Posted by: marthabernie | December 17, 2019


I found a recipe for homemade dog treats in the Rachael Ray Magazine a few years ago….actually, she used to put a dog treat recipe into the magazine every few months…but this one is the easiest to make, and I have never met a dog who doesn’t like them.  I have researched the recipe on the Internet and found a few variations….one recipe adds two eggs; another adds the cinnamon to the dough, while another has you sprinkling the cinnamon on the treats before baking.  And there are many ratios of peanut butter, pumpkin and wheat flour used.  The following is the one I have developed which makes a solid dough (like cookie dough) and is not too wet or sticky.  If you try this and for some reason it turns out too dry, then add a little more pumpkin or water.  If it’s too wet or sticky, add a little more wheat flour.  I have found that using different types of wheat flour can impact the dough consistency, i.e. stone ground vs. regular whole wheat flour etc.  You get the idea. You can’t go wrong with it.  If your dog has an egg allergy, the eggs can be left out but the treats will then be more solid and less soft in the middle.  I have made hundreds, if not thousands of these over the past few years and the dogs ALWAYS love them!


2 cups whole wheat flour

1 cup peanut butter

1  – 14 oz can pureed pumpkin

2 eggs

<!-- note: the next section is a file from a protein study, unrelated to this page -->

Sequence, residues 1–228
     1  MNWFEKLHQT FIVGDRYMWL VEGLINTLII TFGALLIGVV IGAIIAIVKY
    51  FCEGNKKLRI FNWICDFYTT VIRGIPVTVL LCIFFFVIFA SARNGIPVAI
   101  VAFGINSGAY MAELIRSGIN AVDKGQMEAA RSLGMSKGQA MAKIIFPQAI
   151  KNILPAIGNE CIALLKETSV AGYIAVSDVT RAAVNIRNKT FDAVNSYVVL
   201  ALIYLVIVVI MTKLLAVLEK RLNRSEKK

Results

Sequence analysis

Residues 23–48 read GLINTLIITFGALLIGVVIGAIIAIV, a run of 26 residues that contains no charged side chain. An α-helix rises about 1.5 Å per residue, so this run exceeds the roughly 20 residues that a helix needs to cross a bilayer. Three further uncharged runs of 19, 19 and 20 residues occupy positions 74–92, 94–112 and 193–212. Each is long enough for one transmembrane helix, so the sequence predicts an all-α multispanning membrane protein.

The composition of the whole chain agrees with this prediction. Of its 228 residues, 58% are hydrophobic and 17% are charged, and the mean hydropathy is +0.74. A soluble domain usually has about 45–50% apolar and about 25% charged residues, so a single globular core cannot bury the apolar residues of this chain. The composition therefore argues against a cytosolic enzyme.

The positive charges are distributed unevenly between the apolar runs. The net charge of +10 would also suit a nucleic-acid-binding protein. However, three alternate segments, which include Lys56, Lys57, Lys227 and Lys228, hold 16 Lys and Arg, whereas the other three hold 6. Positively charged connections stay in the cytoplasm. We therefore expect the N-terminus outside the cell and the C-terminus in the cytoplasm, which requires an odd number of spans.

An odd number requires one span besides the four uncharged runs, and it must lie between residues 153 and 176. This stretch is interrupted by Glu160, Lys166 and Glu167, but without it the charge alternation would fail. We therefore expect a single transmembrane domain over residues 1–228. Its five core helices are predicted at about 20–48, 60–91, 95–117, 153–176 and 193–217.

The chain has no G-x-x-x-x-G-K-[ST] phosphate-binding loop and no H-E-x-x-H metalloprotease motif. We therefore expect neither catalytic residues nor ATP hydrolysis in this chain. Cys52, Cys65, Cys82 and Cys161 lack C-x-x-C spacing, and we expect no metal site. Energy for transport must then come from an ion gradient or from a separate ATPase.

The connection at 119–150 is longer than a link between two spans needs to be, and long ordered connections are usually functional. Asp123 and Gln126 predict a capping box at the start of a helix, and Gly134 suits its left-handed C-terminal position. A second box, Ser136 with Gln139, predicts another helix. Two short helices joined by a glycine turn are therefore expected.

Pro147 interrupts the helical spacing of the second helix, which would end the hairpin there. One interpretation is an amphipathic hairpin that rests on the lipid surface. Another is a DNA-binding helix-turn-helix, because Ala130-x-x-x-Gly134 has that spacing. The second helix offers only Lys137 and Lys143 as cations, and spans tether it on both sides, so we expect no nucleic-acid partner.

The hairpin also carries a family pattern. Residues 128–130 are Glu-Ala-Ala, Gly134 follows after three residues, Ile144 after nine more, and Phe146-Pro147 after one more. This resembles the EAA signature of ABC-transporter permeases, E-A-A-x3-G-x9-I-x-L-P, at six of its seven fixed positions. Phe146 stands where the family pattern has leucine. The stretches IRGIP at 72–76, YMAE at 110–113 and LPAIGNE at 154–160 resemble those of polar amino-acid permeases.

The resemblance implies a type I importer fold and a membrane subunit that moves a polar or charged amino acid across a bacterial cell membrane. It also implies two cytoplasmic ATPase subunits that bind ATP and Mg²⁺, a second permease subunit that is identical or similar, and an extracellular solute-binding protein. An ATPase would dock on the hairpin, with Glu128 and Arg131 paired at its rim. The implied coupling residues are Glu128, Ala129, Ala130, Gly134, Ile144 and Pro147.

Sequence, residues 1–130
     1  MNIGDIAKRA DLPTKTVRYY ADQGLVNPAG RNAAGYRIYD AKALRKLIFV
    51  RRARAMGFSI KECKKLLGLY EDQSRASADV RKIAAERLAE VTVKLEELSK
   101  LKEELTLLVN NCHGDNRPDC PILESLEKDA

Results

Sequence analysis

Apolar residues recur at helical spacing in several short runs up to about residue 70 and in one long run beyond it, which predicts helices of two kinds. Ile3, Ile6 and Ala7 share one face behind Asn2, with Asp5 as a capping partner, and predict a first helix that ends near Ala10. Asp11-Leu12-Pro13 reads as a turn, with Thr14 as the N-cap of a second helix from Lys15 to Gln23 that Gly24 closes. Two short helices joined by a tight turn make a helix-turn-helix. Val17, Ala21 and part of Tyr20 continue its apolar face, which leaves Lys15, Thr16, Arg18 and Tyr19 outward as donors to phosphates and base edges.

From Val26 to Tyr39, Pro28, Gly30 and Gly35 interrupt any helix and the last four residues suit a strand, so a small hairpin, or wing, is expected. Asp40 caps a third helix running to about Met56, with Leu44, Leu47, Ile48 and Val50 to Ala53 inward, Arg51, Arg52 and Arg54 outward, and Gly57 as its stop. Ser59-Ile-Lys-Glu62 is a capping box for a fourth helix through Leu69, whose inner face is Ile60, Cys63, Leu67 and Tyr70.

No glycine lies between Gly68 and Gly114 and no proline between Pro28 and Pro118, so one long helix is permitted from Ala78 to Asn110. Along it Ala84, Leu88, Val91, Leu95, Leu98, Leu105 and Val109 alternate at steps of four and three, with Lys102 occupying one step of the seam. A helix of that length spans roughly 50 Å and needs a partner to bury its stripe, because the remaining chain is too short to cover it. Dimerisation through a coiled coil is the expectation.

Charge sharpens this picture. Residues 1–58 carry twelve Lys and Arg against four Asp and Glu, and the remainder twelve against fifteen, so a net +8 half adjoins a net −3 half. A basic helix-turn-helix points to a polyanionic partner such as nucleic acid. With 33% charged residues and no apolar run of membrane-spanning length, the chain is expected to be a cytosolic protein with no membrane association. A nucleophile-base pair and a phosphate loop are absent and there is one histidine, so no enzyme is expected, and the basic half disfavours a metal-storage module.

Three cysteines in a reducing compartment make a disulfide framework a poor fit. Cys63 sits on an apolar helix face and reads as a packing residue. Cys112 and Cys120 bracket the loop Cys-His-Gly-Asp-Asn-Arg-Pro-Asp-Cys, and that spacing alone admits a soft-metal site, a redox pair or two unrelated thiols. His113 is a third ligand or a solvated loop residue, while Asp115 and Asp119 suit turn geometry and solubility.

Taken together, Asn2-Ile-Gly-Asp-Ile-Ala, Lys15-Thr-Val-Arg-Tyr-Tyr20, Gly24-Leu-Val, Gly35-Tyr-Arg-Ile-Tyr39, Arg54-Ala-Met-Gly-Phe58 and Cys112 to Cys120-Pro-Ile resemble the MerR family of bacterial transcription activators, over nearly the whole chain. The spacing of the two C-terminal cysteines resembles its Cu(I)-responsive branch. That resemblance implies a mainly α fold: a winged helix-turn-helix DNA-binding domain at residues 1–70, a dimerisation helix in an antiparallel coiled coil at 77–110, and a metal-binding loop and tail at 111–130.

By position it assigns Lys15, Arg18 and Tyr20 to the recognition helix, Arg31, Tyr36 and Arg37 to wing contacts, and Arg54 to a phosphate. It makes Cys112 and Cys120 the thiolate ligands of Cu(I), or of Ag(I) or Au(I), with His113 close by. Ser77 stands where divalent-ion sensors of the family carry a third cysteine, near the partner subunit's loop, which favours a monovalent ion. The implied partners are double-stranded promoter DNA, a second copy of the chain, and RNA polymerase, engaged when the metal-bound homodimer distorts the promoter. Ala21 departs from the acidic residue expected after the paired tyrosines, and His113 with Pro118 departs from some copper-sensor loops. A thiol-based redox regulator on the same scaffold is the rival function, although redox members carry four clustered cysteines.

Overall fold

Finely ground cinnamon

Mix all ingredients thoroughly until you have a solid dough the consistency of cookie dough.  Be sure to scrape the bottom of the bowl to get all the flour mixed in.  Use a small cookie dough scoop to form small balls and place on a greased cookie sheet or parchment paper lined sheet.  They do not need to be more than one inch apart as they do not spread much during baking.  Flatten with the tines of a fork or with your thumb.  Treats will be about 1-1/4 inches in diameter.  Sprinkle very lightly with finely ground cinnamon.  Bake at 350 degrees for about 20 to 25 minutes or until golden brown.  Cool.  They will be a little soft in the middle and crispy on the outside edges.  This recipe make about 75 treats, give or take.  As you can probably tell by now, making these treats is not an exact science.  I once left them in the oven too long and they turned out like little rocks, but were not burned and the big dogs loved them because they were really crunchy!  Ideally, if not overbaked, they can be broken into pieces for smaller dogs.  I have never tried it, but the dough can be rolled out and cut with dog bone shaped cookier cutter, or shaped in a special dog bone cookie pan.  When made at the right consistency, the dough is like a good heavy sugar cookie dough, the kind you shape with cookie cutters.

Photo above is from 2007, my daughter’s/grandson’s dogs, Phil and Snort when they were babies (they are siblings).  Phil was the big bruiser on the left and Snort the little dainty sister.  Now that they are old, Phil has shrunk and Snort outweighs him.  He has vestibular disease,  has had pancreatitis, is hard of hearing and completely blind, but he copes very well and knows his way around the house, using the runners that were specially placed on the floor to guide him where he wants to go.   They both spend most of their days sleeping and waiting for (special diet) meal time, but they are hanging in there.  Photo of Phil below taken last week, he still looks like a baby to me in this one.

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